Broadly speaking, a relatively quick migration by corporate standards teams, approval of hardware has changed to an adoption of software bridges.  AV designers have had to become, if not fluent, understanding of network infrastructure and customization options.  And while the migration has by no means been universal, nor has the movement become complete, the landscape is finally approaching the original concept of BYOD.

And this concept has not stopped at presentation.  Why only adopt cloud-based content bridges?  Why not cloud-based videoconferencing?  Cloud-based phone system?  Why not a cloud-based development platform? Cloud-based project management tracker?  Five years ago, personal devices in an workplace were enough to motivate IT managers to brandish large hunting knives, but today the value of cloud-based services is reducing CapEx overhead and streamlining systems — making them more predictable and with less points of failure.

CES is starting to dictate technology trends across all sectors, in particular enterprise tech.  Enterprise chiefs and execs can go to CES to learn about cloud migration, data storage, IoT security, automation, AR and VR.  Consumer devices entire value prop is based on intuitive UI, so CES is not only driving tech trends but training users and generating usage analytics that’s informing all of tech, consumer and enterprise.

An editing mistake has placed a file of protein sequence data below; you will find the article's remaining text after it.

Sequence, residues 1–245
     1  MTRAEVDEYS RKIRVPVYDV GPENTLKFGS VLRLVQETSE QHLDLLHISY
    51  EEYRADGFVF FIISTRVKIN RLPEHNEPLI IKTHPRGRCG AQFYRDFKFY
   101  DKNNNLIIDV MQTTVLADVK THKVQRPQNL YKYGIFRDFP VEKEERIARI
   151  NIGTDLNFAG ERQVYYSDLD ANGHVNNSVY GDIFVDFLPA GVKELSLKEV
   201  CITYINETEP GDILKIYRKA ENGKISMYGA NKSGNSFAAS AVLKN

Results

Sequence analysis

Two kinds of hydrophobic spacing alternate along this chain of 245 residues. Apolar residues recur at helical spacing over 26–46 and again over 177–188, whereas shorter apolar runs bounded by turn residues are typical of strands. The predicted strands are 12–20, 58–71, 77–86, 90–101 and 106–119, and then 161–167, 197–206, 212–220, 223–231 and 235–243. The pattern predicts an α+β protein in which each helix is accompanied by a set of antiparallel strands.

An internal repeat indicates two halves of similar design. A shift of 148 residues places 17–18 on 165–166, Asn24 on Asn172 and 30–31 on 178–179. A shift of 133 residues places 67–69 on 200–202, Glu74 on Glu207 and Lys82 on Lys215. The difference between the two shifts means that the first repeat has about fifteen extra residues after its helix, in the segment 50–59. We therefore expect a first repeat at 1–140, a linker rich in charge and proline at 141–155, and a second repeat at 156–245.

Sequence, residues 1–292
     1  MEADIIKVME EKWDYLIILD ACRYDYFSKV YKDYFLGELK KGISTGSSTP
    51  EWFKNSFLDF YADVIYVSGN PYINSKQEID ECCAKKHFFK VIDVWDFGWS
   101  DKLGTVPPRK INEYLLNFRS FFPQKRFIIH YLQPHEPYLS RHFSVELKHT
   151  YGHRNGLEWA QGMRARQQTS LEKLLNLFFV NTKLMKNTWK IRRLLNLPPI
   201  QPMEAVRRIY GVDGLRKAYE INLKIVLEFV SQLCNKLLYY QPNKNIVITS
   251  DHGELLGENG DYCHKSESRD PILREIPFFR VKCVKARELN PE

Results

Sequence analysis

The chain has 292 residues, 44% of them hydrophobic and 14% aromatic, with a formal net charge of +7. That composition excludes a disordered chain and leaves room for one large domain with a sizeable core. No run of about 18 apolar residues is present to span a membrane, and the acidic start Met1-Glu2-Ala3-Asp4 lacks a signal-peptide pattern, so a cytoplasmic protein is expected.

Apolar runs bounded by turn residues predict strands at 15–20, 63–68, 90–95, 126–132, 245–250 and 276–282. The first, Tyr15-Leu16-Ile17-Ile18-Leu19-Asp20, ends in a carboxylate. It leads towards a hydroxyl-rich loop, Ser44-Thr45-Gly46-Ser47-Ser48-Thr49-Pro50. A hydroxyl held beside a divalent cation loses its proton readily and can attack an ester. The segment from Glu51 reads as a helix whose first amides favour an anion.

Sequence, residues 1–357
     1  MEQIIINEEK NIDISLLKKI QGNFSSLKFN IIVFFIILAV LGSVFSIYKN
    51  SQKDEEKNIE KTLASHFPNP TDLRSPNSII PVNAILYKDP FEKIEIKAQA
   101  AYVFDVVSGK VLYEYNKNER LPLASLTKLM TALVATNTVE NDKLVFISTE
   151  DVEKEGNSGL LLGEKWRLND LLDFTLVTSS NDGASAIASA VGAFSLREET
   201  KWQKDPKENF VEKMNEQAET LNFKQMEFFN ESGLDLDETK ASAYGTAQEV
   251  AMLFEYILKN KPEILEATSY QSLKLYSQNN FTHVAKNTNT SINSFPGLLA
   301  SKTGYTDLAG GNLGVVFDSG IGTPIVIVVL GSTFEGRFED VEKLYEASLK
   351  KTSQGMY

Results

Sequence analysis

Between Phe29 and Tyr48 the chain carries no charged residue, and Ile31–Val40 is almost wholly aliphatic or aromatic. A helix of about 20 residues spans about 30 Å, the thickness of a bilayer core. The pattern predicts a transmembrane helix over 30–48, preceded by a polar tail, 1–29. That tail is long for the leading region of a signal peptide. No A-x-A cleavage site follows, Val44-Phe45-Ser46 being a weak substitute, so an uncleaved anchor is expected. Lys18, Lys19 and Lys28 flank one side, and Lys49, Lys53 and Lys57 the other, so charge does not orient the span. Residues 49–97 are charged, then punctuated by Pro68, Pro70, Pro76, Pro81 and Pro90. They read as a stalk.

Higher education has been encouraging students to bring technology to the classroom since I was in college, many many [many] years ago.  Furthermore, many higher ed tracts are built around team project learning and presentation.  EDU collaboration systems have to be interoperable and use case agnostic.  These systems are BYOD in its most pure conceptual format.  

As a younger man, I was responsible for designing, supporting, and implementing these types of systems in a graduate studies campus for a major university.  The students leveraged the technology provided with their own devices and consumer grade technologies that they had been using socially [Google Hangouts, Skype, webcams, mobile, Dropbox, etc].  The focus of our department was to accommodate, not to impede.  BYOD became a layer in the rooms that was parallel to the more traditional AV system.  BYOD, also, became the most utilized layer, both in time and instances.

Colleges and universities are institutions dedicated to provoking thought through training and experience.  Curriculum and coursework are frameworks through which lessons are absorbed.  These tools dictate the preferred user experience when those students become enterprise leaders.  Now, those graduate students that I supported are now in positions as strategic decision makers and influencers.  

The state of BYOD is finally coming full circle to its promise due to workflow behaviors developed by early adopters and the emergence of cloud-based services that were accelerated by the efforts of enterprise AVIT departments to conform to these early adopters.  As is so often the case, the prototypes for these systems have been developed, deployed, and supported in colleges and universities, and best practices are starting to emerge based on use cases that are aggregating into standard tools.

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Ruben Romero is the Managing Director of TAD Associates, Silicon Valley – a Technology, Architecture, and Design consultancy.  He has more than 15 years experience in collaboration technology in support, sales, consulting, and project management.

Find out more about Ruben on LinkedIn and Twitter.